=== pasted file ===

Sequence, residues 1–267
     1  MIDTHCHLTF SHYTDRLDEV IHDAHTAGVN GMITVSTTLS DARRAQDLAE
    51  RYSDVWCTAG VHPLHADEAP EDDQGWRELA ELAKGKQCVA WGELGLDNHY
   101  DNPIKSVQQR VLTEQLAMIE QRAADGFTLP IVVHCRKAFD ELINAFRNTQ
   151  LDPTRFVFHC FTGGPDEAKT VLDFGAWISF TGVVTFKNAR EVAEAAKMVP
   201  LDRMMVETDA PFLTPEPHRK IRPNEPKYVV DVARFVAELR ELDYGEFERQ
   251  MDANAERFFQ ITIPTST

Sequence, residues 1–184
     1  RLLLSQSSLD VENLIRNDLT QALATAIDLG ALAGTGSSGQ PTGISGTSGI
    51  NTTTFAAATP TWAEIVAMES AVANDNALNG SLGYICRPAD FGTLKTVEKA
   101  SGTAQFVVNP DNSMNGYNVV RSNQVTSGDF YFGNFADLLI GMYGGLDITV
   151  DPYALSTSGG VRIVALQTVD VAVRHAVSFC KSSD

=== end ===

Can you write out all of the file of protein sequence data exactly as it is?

Sequence, residues 1–267
     1  MIDTHCHLTF SHYTDRLDEV IHDAHTAGVN GMITVSTTLS DARRAQDLAE
    51  RYSDVWCTAG VHPLHADEAP EDDQGWRELA ELAKGKQCVA WGELGLDNHY
   101  DNPIKSVQQR VLTEQLAMIE QRAADGFTLP IVVHCRKAFD ELINAFRNTQ
   151  LDPTRFVFHC FTGGPDEAKT VLDFGAWISF TGVVTFKNAR EVAEAAKMVP
   201  LDRMMVETDA PFLTPEPHRK IRPNEPKYVV DVARFVAELR ELDYGEFERQ
   251  MDANAERFFQ ITIPTST

Sequence, residues 1–184
     1  RLLLSQSSLD VENLIRNDLT QALATAIDLG ALAGTGSSGQ PTGISGTSGI
    51  NTTTFAAATP TWAEIVAMES AVANDNALNG SLGYICRPAD FGTLKTVEKA
   101  SGTAQFVVNP DNSMNGYNVV RSNQVTSGDF YFGNFADLLI GMYGGLDITV
   151  DPYALSTSGG VRIVALQTVD VAVRHAVSFC KSSD